PC Post-Op 1,360 Days -- But Who's Counting?

Ron Kauffman
Last Modified: November 1, 2001

CopyrightOncoLink Survivor Story: "PC Post-Op 1,360 Days -- But Who's Counting?"

OncoLink Survivor Story:
"PC Post-Op 1,360 Days -- But Who's Counting?"

   Author: Ron Kauffman   Posted Date: November 14, 1999

It's hard to believe, as I sit here just a few hours away from my semi-annual revisit to my surgeon's office for another PSA test, that I'm approaching 4 years since my prostate cancer (PC) surgery. I really have no doubt that the results will again be in the range of 0.2, as they have been so consistently for the past 3 years.

I continue to hear almost weekly from many people who have read my previous articles tracking my own experiences from biopsy to post-surgery recovery. For other PC "victors" out there or for those who see themselves as recently notified victims with Prostate Cancer, I can only relate my continuing story of successful surgery and good health, and tell you that you too should plan and expect a similar result.

These days, my energy level, which began to rebuild within a few weeks of surgery, returned to 97% about 6 months after surgery. Probably as good as it can get for a 55 year old who still thinks he's not over 40. In fact, my wife and I took up road cycling with our local bicycle club about a year ago, and now ride almost daily. I can routinely ride 35 to 60 miles with the occasional 100-mile century ride thrown in for good measure.

It still seems to amaze some people to think that I had cancer and now lead a normal life. I guess that's the point. I had PC, and once you have had any form of cancer, it becomes, at some level, a part of your life forever. The choices you have, as any survivor can tell you, is to get on with life and be in control of your destiny, or allow any aspect of the disease to control your life - the latter is a bad choice.

Obviously, I chose the former, to get on with my life. The memory of the horror and shock of being told I had PC, as well as the fear I had of electing and submitting to the radical surgery has long since diminished. I remember it was absolutely NOT a painful surgery, and that there were many funny incidents that occurred in the weeks and months after the surgery. Particularly the catheter during the first 18 days, and then the much anticipated return to a "normal" sex life. My wife, Lisa, and I still laugh about it.

The fears of incontinence were totally unfounded, as it was resolved within a few days of removal of the catheter after the successful surgery. My return to work took about 30 days, and my return to full energy and all physical activities took between 4 and 6 months.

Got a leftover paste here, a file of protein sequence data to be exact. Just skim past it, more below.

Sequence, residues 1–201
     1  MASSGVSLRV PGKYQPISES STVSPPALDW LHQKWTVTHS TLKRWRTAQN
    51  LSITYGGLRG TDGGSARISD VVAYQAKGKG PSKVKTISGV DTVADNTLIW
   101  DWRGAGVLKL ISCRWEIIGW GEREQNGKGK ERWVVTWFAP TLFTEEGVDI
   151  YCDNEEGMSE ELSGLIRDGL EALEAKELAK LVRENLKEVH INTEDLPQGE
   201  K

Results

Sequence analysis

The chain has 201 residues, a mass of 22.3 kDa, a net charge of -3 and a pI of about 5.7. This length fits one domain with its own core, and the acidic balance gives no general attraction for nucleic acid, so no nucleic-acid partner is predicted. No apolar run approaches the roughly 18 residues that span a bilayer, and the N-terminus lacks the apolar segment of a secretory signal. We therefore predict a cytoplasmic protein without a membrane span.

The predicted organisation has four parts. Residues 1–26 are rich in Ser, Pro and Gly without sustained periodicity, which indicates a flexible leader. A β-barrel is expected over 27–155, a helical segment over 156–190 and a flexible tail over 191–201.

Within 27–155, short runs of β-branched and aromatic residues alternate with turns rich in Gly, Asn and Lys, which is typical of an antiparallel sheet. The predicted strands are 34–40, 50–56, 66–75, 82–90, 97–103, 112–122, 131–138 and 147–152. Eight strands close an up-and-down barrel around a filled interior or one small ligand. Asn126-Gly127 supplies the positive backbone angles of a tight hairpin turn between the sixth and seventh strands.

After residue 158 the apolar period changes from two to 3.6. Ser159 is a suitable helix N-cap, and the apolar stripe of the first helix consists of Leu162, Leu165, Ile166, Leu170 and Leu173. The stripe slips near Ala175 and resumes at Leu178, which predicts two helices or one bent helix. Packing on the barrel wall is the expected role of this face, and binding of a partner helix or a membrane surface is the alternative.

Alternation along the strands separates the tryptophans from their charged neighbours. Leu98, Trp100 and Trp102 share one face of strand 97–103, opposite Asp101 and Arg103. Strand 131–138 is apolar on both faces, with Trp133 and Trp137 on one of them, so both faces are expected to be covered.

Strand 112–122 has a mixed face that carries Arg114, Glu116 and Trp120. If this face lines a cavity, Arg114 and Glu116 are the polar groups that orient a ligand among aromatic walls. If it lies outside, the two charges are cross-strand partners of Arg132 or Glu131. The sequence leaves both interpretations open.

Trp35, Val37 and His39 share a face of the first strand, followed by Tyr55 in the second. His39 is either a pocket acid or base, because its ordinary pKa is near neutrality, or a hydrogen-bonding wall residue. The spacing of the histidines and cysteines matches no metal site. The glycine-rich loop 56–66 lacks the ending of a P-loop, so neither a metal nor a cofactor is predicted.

Candidly, the return to normal sexual function took quite a bit longer. Although I had no nerve bundles removed during the surgery, the trauma to the nerves in the area, just as a by-product of the surgery, was enough to create unpredictable occasions of impotence.

To overcome this problem, I worked with my surgeon as a "human guinea pig" willing to try anything to return to those wonderful days of old. I tried everything. From inserting medicines such as Muse into the opening of my penis, to Caver-Ject, a medicine that is self-injected into the side/shaft of the penis, to the well-known pill Viagra. I tried them all.

Of those three "cures", the shots worked best. Viagra also worked, but the Muse failed to assist me at all. Viagra, however, gave me severe headaches. Imagine telling your partner that taking "the pill" and then making love gave you a headache. It's almost comical. But my return to adequate performance without some chemical assistance became a 2 year journey filled with some disappointment, some hilarity, and a great deal of acceptance.

About the end of the second year after surgery, I found that although I could not perform sexually like the 20-year-old stud I always thought I was, my body had recovered sufficiently to no longer require the use of any chemicals or outside substances. For me, not taking or putting anything into my body that it doesn't need is important. So I'm pleased to say that with a loving and willing partner, patience, and persistence, life is and can be quite normal and satisfying.

Life goes on, with all its challenges, excitement, stress, failures and successes. I really choose to keep my experience with cancer as just something that happened to me in the past. Not anything to worry about on a continuing basis. But it's always there, hiding in the dark and dusty corners of my memory. Out of sight, waiting for those rare moments of personal weakness, when it can pop into my stream of conscious thought and force me to deal with it again, questioning, and make me wonder if I'm really cured. Like today.

So, I'm off to see my doctor who facetiously swears he never pronounces anyone "cured," until they've completed their 20th year of visits to his office for clean bills of health. But he's also the same skeptic who was actually emboldened enough to tell me during my last visit 6 months ago, that he's tempted to use the "C" word regarding me. Imagine that, "C" meaning CURED!

There you have it, the Yin and Yang of survivorship. Maybe I can finally put that pesky little wave of doubt to rest for good. We'll see after today's appointment.

Editors Note: Read Ron Kauffman's OncoLink Letter to the Editor and his original OncoLink article, "Personal Experiences of a Prostate Cancer Survivor."


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